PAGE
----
Research

Research Interests

Our research interests are located in the biomedical field combining surface science, polymer synthesis and tissue engineering.

SURFACES

SYNTHESIS

TISSUE ENGINEERING

Research Topics

Antithrombotic Surfaces

Antithrombotic surface
Fig. 1. Activation of blood coagulation and resulting blood clot formation by contact of blood with bare surfaces and prevention of blood coagulation by surfaces modification with polyanions resulting in anti-thrombotic surfaces.

Within the so called intrinsic pathway of blood coagulation, clotting is initiated by contact with surfaces and materials that are foreign to the body. In order to prevent blood clotting and subsequent thrombus formation, blood contacting surfaces for biomedical applications are modified. A typical approach involves a surface coating with heparin which is a naturally occurring polysulfate with strong anticoagulant properties. Alternatively, neutral, protein-resistant polymers are also effective in suppressing thrombus formation. We are currently investigating antithrombotic surfaces made of anticoagulants with defined anchor functionalities for a universal, substrate-independent and covalent surface immobilization and modification. This project is a part of a collaboration with Dr. Rainer Haag at Freie Universität Berlin, Dr. Jens Dernedde at Charité Berlin and Dr. Jay Kizhakkedathu at the Center for Blood Research at the University of British Columbia, Vancouver, Canada. Funding is currently provided through the Focus Area NanoScale of the Freie Universität Berlin.

We are grateful to the Focus Area NanoScale of FUB for financial support.

Thermoresponsive surfaces

Thermoresponsive surfaces
Fig. 2. Temperature triggered cell adhesion, proliferation and detachment on/from thermoresponsive surfaces.

Thermoresponsive polymers with a lower critical solution temperature (LCST) are soluble below this temperature and become insoluble once heated above this temperature. Such phase transitions are not limited to solution but also occur when the polymers are tethered to surfaces. The observed phase transition is accompanied by a change of hydrophilicity of the polymer and the modified surface. A temperature-triggered switchability of the surface between a relatively hydrophilic and protein-resistent state and a more hydrophobic, protein adsorbing state is obtained. Since mammalian cell adhesion on surfaces is a protein-mediated process such thermo-switchable surfaces can be used to trigger cell adhesion and detachment. This allows for the fabrication and mild harvest of confluent cell sheets with their extracellular matrix (ECM). In conventional cell culture, cells are singularized during the harvesting process by enzymatic dissolution of their ECM. Otherwise, confluent cell sheets are only accessibly by mechanical scratching of confluent sheets off the surface. Such harsh procedures have been shown to harm the extracellular matrix and cell surface proteins of the harvested cells sheets.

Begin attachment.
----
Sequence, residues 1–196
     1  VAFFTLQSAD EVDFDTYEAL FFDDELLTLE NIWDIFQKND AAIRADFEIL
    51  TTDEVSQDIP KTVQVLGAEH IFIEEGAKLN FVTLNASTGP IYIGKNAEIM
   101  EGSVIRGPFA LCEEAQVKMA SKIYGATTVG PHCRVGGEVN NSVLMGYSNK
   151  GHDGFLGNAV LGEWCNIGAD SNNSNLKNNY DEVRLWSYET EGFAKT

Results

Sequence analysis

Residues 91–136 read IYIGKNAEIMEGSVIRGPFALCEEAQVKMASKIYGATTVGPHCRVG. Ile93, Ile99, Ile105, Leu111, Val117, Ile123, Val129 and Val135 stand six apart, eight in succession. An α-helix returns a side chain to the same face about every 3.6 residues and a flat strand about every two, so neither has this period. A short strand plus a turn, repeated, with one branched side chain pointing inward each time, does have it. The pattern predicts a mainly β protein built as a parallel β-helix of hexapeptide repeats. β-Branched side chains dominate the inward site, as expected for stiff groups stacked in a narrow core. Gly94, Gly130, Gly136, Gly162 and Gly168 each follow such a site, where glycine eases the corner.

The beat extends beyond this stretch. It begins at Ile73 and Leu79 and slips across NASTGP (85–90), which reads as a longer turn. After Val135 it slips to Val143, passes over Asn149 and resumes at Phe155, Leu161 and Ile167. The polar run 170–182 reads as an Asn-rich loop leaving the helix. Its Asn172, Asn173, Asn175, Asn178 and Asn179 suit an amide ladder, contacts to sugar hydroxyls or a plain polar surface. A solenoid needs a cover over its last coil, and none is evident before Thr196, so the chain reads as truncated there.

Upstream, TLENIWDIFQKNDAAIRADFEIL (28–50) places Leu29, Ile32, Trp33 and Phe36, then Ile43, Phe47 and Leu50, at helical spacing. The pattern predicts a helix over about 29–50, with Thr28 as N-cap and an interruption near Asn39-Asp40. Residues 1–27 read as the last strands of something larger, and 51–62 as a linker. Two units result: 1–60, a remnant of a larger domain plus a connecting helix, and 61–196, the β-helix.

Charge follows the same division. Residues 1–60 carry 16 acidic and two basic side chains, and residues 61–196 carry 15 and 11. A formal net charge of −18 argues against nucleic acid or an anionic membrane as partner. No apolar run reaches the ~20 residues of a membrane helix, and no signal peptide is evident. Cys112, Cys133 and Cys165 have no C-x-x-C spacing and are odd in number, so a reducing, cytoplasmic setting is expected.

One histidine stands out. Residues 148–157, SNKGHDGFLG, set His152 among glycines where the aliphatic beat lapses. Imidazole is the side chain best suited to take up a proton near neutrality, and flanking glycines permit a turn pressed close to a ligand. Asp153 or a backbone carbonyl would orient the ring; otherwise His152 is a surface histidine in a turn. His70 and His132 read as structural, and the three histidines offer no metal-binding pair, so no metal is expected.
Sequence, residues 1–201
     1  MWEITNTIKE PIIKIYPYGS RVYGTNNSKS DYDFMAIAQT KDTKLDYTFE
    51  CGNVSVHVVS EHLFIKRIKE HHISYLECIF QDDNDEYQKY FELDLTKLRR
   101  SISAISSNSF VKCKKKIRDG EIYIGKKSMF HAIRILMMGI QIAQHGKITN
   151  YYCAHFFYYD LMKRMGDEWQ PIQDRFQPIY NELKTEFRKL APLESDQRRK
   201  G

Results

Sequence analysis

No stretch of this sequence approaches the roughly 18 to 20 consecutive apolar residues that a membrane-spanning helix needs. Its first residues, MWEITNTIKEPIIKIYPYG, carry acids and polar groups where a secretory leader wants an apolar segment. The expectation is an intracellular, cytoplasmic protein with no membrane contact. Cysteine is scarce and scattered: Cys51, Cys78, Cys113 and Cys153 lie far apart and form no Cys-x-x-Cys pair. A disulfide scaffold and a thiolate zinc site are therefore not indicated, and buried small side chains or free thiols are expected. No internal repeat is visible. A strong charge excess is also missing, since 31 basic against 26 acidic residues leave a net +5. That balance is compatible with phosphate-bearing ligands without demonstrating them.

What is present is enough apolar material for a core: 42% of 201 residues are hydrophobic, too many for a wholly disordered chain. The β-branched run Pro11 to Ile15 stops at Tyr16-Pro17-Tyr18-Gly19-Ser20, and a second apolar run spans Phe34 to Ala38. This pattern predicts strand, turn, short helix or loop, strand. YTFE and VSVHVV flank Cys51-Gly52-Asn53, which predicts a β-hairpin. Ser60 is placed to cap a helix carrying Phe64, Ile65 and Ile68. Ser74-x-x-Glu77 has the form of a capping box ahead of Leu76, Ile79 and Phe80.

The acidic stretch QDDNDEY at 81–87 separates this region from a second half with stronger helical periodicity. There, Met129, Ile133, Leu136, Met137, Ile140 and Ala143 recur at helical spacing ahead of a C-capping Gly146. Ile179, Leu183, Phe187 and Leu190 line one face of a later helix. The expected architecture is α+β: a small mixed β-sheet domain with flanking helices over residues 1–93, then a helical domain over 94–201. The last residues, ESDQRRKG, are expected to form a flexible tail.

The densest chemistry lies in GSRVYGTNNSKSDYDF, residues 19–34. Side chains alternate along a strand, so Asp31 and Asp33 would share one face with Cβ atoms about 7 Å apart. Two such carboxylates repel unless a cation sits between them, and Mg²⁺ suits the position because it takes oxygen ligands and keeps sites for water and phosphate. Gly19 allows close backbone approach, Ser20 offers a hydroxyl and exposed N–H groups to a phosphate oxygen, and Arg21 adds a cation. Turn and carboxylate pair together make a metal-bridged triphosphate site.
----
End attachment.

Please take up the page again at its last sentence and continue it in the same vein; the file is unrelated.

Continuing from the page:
This project is financially supported by the Federal Ministry of Education and Research (BMBF, FKZ 13N13523) within the WING program by the young academics competition "NanoMatFutur".

Cell Sheet Engineering

Cell Sheet Engineering
Fig. 3. Scaffold-free tissue engineering. 3-D Arrangement of confluent cell sheets for the fabrication of 3-D tissue without the need for scaffolds.

So-called cell sheet engineering is a scaffold-free tissue engineering approach towards three-dimensional tissue. Confluent cell sheets are a prerequisite to this technique which was developed in Japan by T. Okano and coworkers. The thickness of such tissue constructs in general is limited to 150-200 µm due to the lack of blood vessels which ensure the supply with nutrients and oxygen as well as the removal of metabolic waste. We are currently pursuing several approaches towards vascularized tissue in vitro in order to generate thick 3-D tissue constructs which will be evaluated as a replacement model to conventional animal tests in organ-specific toxicity assessment of new drugs and materials.

This project is financially supported by the Federal Ministry of Education and Research (BMBF, FKZ 13N13523) within the WING program by the young academics competition "NanoMatFutur".

Biodegradable, functional Polymers

Biodegradable Polymers
Fig. 4. Biodegradable and biocompatible polymers which can be degraded by pH or enyzmes yielding low molecular weight, non-toxic fragments that can be easily metabolized by cells.

We are aiming at biocompatible, functional polymers that are degradable in vitro in the presence of cells either by pH or enzymes. Therefore, labile groups are incorporated into the functional polymer at various concentrations and the resulting degradation times under standard cell culture conditions are investigated. Thereby, different labile groups are tested in order to optimize the resulting polymer for its rate of degradation as well as the resulting biocompatibility of the generated low molecular weight fragments after degradation. In the ideal case, these resulting low molecular weight fragments are readily metabolized by cells.

This project is financially supported by the Federal Ministry of Education and Research (BMBF, FKZ 13N13523) within the WING program by the young academics competition "NanoMatFutur".